Landgraf Questions ERCOT About Outages

ODESSA — State Representative Brooks Landgraf (R-Odessa) submitted a letter to the Electric Reliability Council of Texas (ERCOT) demanding an explanation for the large number of offline generators that prompted a call for Texans to conserve energy for the rest of the week.

“Once again, ERCOT is leaving Texans with more questions than answers,” Landgraf writes in the letter. “In order to ensure I can answer the flood of questions I’m now receiving from my constituents, I demand pertinent information related to this most recent incident.”

On Monday, ERCOT issued a conservation alert asking Texans to safely reduce their electric usage through Friday, June 18, citing tight grid conditions due to a high number of forced generation outages.


Landgraf’s “Active Shooter Alert” Bill Signed into Law by Governor Abbott

AUSTIN — House Bill 103, a bill filed by State Representative Brooks Landgraf (R-Odessa) to create the Texas Active Shooter Alert System, was signed into law by Governor Greg Abbott on Monday. Landgraf’s bill, also referred to as the Leilah Hernandez Act, received unanimous support at every stage of the legislative process.

"The passage of the Leilah Hernandez Act means that Texans will be able to receive timely alerts, similar to Amber alert messages we currently receive, if there is an active shooting taking place in their area," Landgraf said. "This alert system could have saved the lives of some of my constituents back in 2019, like high school student Leilah Hernandez. The goal of this legislation is to save lives and prevent mass violence while protecting the constitutional rights of law-abiding Texans."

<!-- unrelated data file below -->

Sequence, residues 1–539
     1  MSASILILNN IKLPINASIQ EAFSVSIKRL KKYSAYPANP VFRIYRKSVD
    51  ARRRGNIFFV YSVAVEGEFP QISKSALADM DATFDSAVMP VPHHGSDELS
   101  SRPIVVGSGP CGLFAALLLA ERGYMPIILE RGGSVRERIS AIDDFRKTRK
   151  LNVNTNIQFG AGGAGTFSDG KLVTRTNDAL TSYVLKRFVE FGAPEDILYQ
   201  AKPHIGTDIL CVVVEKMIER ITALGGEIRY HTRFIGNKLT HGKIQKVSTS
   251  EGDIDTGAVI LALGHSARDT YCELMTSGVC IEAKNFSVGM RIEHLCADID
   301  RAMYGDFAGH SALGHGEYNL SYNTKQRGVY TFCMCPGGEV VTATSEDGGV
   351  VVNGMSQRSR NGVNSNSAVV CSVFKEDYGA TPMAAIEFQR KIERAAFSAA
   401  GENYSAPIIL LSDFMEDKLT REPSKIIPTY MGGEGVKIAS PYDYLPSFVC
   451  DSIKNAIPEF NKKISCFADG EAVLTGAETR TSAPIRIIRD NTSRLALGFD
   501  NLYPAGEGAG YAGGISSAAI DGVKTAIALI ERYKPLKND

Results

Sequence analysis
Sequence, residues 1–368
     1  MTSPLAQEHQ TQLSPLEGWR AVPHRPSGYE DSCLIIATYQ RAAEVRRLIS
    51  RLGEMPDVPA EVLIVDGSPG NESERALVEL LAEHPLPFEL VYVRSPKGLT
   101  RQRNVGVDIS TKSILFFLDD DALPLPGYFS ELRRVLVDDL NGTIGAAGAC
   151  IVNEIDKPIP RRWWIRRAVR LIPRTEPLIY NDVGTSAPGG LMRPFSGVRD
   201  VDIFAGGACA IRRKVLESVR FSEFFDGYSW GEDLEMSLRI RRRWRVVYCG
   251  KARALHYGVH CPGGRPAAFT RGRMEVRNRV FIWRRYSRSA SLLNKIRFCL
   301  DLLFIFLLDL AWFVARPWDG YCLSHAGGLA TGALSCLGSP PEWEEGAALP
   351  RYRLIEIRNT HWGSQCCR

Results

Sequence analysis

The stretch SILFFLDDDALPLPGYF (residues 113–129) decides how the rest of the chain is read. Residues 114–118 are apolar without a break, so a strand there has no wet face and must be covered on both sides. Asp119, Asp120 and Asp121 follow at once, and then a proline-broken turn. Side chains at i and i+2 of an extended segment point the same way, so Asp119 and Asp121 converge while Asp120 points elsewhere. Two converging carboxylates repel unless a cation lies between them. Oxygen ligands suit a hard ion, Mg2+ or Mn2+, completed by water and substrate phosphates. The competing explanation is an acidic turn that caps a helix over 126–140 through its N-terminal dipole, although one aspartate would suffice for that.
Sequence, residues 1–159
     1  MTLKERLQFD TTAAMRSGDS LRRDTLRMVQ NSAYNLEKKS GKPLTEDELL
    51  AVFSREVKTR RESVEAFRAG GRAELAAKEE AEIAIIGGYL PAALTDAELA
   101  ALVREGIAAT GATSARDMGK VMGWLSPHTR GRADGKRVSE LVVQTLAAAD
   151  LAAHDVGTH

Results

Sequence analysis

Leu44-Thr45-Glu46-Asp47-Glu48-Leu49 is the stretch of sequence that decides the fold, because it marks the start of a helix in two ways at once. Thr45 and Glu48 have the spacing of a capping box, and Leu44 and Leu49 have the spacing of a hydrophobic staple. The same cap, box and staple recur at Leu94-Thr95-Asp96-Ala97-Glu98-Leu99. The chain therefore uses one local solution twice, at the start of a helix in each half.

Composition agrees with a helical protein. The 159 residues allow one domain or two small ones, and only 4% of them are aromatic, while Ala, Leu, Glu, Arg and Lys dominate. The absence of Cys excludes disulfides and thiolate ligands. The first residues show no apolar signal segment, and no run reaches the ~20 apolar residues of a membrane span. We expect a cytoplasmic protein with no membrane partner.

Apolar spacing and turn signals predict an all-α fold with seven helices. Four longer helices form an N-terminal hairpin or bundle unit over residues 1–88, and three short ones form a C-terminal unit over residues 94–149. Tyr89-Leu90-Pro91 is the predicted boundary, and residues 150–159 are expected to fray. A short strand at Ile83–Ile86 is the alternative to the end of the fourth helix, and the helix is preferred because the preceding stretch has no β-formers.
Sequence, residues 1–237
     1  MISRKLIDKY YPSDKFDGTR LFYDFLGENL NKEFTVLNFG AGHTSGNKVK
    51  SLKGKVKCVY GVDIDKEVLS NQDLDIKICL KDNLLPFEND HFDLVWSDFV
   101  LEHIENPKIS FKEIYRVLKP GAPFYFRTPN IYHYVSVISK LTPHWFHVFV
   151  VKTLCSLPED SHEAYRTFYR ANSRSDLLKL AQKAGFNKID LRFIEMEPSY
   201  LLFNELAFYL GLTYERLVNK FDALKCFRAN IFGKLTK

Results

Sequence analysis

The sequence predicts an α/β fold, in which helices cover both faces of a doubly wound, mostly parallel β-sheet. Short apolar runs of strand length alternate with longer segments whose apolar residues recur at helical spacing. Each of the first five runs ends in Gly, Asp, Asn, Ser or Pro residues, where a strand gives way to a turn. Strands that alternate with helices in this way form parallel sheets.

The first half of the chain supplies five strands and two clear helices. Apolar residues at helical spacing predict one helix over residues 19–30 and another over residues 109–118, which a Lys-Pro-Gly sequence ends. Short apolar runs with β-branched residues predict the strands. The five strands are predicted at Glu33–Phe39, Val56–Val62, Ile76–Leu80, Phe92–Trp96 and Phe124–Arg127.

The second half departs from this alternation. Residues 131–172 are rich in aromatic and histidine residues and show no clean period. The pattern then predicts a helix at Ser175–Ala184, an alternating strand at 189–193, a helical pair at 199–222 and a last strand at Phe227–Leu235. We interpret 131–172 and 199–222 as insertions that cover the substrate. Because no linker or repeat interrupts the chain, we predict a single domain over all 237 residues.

Landgraf crafted HB 103, the Leilah Hernandez Act, after working with constituents and families of victims from the August 31, 2019 mass shooting in Odessa and Midland. Leilah Hernandez, a 15-year-old Odessa High School student, was the youngest victim killed that tragic day. Leilah’s mother, Joanna Leyva, provided powerful testimony in support of the bill at the Texas Capitol, explaining how an active shooter alert system could have saved Leilah’s life.

“I am proud to sign the Leilah Hernandez Act into law, and I thank Representative Landgraf for championing this legislation,” Governor Abbott said. “With the Leilah Hernandez Act, the Lone Star State will now have an Active Shooter Alert System that will notify Texans of violent threats in their communities and help save lives. We will never forget the lives tragically cut short in the Midland-Odessa shooting, including 15-year old Leilah Hernandez. And we will never stop working towards a safer future for our state.”

HB 103 would require the Texas Department of Public Safety (DPS) to develop and implement the Active Shooter Alert System. The alerts are intended to be issued quickly via SMS text and other available communications to the public in proximity to an active shooter situation.

“I want to thank everyone who had a hand in the passage of this legislation, especially Leilah's family and other victims and witnesses of the Odessa shooting. Speaker Dade Phelan, Senator Judith Zaffirini, Chairman James White, Governor Abbott, and many others played important roles in getting this bill over the finish line. Now it is time to get the system in place so we can start saving lives," Landgraf concluded.

The 87th Texas Legislative Session began in January and is underway through May 31st.


Landgraf’s “Active Shooter Alert” Bill Sent to Governor

AUSTIN — House Bill 103, a bill filed by State Representative Brooks Landgraf (R-Odessa) to create the Texas Active Shooter Alert System, passed out of the Texas Senate with unanimous support on Wednesday. Landgraf’s bill was passed by the Texas House of Representatives last month, so the measure now heads to Governor Greg Abbott’s desk, the final stage of the legislative process.